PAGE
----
An Overview of Indoor Ski Resorts in China


Why Do They Matter?  

The Chinese Government has recently launched an ambitious campaign to develop the winter sports industry within the country, fueled by China’s selection as the host of the 2022 Winter Olympic Games.

Although the Chinese winter sports industry is still in its early stages of development, the Government intends to see 800 ski resorts and 600 skating rinks operational by 2022.

These venues will form the foundation of what is expected to be the largest population of winter sports enthusiasts in the world. The ultimate goal of the Government is to report 300 million people involved in winter sports by 2025.

Supported by Demographics

There is a growing Chinese middle class with an appetite for recreational weekend activities, and enough disposable income to spend on leisure and sports such as skiing. As skiing has not been present in Chinese culture until recent years, the vast majority of the market (80% of skiers) is made up of beginners. However, a growing amount of programs for children and young people aim to create a new generation of enthusiastic skiers- and China’s rapidly growing indoor ski resort industry is rushing to meet the increasing demand.

Over the past 10 years, the number of skiers in China has grown rapidly, increasing from 4.7 million in 2007 to 17.5 million in 2017. Similarly, the number of ski resorts in China has grown from 225 in 2007 to 703 in 2017. The number of indoor ski resorts has increased particularly sharply, growing from only 1 indoor resort in 2000 (all the way through to 2004), to 23 in 2018. The uptick in indoor ski resorts has been a recent phenomenon; 70% of all indoor ski resorts have been opened since 2015.

Essential Characteristics

  • Geographically speaking, indoor ski resorts are well-distributed across China as a whole, and tend to be far from urban areas. Only two are located in the vicinity of 1st Tier cities, with the majority- around 50%- located near 3rd Tier cities.

  • Most indoor ski resorts are standalone, and only a few form part of a larger resort or are linked to an outdoor slope. Every resort features food and beverage amenities, with most also offering a snow play area and retail. Ice skating rinks and hotels, on the other hand, are relatively rare inclusions, as most visitors do not stay overnight.
  • Of all the indoor ski resorts, Beijing Qiaobo Ice and Snow World, the market leader in Chinese indoor ski resorts, has the highest attendance by far, with its whopping 3.2 million visitors in 2017 comprising 18% of all Chinese indoor ski visits.  Attendance levels are also higher in Tier 1 cities than Tier 2 cities, where competitive dynamics (multiple indoor ski resorts) drive down the average.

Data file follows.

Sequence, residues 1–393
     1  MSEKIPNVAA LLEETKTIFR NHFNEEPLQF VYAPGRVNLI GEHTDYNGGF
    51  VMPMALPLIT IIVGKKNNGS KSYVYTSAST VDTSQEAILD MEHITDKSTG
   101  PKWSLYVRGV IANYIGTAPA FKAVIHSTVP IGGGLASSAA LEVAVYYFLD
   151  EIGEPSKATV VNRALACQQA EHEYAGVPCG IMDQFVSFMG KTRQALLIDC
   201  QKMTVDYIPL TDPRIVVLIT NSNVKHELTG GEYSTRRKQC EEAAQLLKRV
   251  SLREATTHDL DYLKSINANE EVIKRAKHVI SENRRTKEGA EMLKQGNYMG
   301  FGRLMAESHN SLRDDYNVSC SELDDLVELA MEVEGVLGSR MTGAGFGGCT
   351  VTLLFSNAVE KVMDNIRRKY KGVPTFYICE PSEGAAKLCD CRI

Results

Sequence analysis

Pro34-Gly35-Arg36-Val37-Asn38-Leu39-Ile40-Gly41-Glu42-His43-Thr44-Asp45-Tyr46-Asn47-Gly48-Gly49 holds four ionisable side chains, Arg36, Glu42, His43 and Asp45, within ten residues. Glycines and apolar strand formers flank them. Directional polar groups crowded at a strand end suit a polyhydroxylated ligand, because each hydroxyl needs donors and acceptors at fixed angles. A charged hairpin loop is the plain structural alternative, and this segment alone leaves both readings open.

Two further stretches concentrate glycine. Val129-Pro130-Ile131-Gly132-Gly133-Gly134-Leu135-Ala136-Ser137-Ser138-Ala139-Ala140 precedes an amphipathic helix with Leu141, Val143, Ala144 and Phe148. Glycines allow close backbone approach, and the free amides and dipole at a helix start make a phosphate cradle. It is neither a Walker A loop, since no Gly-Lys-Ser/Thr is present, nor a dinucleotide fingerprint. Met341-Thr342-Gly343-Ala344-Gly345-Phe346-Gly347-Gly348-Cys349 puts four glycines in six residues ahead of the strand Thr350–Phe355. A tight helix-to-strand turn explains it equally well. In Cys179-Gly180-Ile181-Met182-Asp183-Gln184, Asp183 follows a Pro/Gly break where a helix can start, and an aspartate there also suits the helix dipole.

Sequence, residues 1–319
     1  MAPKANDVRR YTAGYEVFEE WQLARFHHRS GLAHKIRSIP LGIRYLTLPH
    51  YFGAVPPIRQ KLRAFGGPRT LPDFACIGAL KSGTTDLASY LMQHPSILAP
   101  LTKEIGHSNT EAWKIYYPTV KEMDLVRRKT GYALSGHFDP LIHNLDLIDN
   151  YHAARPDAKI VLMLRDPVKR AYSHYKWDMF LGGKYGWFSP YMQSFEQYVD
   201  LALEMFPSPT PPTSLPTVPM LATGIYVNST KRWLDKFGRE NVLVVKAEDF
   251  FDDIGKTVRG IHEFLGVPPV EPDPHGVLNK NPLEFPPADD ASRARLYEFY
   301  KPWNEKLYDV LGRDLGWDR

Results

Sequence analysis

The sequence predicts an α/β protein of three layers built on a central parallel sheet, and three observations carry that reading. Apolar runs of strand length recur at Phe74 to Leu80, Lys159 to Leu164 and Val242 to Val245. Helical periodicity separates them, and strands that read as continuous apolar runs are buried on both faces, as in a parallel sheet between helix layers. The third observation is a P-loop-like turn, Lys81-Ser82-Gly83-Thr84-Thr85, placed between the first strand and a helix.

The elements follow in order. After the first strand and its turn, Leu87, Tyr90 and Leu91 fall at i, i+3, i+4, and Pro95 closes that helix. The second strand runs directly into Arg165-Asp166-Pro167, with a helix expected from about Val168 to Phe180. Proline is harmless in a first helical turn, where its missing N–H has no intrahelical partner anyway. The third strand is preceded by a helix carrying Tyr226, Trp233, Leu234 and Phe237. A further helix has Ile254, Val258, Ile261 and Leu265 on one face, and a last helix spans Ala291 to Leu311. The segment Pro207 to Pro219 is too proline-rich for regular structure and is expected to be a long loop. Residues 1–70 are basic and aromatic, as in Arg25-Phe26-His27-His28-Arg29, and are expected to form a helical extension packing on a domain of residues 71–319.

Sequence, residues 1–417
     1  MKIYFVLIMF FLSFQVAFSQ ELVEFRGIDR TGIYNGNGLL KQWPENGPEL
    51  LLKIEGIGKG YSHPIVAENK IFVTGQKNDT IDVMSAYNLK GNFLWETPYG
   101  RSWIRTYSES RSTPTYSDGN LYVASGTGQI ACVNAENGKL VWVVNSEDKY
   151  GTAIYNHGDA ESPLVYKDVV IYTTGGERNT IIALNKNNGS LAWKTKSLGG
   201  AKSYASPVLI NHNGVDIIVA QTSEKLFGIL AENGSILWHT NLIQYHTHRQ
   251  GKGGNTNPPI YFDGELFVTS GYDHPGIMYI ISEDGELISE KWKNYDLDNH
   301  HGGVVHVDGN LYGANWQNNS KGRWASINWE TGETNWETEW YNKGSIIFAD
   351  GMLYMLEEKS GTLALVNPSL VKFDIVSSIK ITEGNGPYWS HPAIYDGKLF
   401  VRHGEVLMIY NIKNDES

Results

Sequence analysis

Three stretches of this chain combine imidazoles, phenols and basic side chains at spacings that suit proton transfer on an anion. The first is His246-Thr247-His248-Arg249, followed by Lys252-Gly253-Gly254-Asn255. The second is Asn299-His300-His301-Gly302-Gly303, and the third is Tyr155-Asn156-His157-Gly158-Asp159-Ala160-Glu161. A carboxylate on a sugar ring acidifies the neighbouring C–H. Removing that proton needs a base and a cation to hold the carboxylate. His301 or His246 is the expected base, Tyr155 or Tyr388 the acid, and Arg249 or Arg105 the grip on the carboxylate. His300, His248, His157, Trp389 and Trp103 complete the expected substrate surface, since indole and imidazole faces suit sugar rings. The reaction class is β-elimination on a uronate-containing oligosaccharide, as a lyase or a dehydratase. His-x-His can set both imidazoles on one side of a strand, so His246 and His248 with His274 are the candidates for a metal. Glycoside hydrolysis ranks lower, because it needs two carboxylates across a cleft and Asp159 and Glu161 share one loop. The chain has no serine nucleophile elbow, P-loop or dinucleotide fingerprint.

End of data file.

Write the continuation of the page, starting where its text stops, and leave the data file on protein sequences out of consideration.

• Beijing Qiaobo Ice and Snow World also has the highest ticket price, at RMB360.  Adult and child tickets tend to cost the same, but ticket prices vary considerably across all resorts, even within the same market. Much of the variation can be explained by differing ticket types- e.g. Qiaobo’s relatively expensive RMB360 ticket covers entry for an entire weekend day, while elsewhere, RMB80 tickets only offer an hour of ski time.
  • While development costs vary, it generally takes $1,500-$2,200 per sqm of investment to open an indoor ski resort.
  • Operating hours of indoor ski resorts vary, but generally range between 9:00 am and 19:30 pm, with some resorts open as early as 8:30 and as late as 22:00.

Guest Characteristics

  • Overall, customers have a positive perception of indoor ski resorts and enjoy their experiences there.  Almost 40% of reviewers consider them to be fun places, while other frequent positive comments include “beginner and kid-friendly” and “great summer destination”.  The most frequently mentioned areas for improvement include the cost of tickets and overcrowding on holidays and weekends.

  • The typical visitor prefers visiting an indoor ski resort in the afternoon during the summer, and tends to stay for 2-4 hours.

There are several indoor ski resorts currently under construction.  These include three new Wanda locations: Wanda Guangzhou City, Wanda Wuxi City, and Wanda Chengdu City. The largest of the new developments will be Wintastar Shanghai (Pudong), expected to open in 2022, which will cover 227,000 sqm of area and has received RMB6 billion in investment.

It’s clear that as skiing becomes steadily more popular in China, these new resorts will have plenty of enthusiastic visitors on their slopes.

For more details, including attendance, revenue levels, and development costs for each individual resort, and detailed social media customer feedback, don’t miss our comprehensive report overview on this topic.

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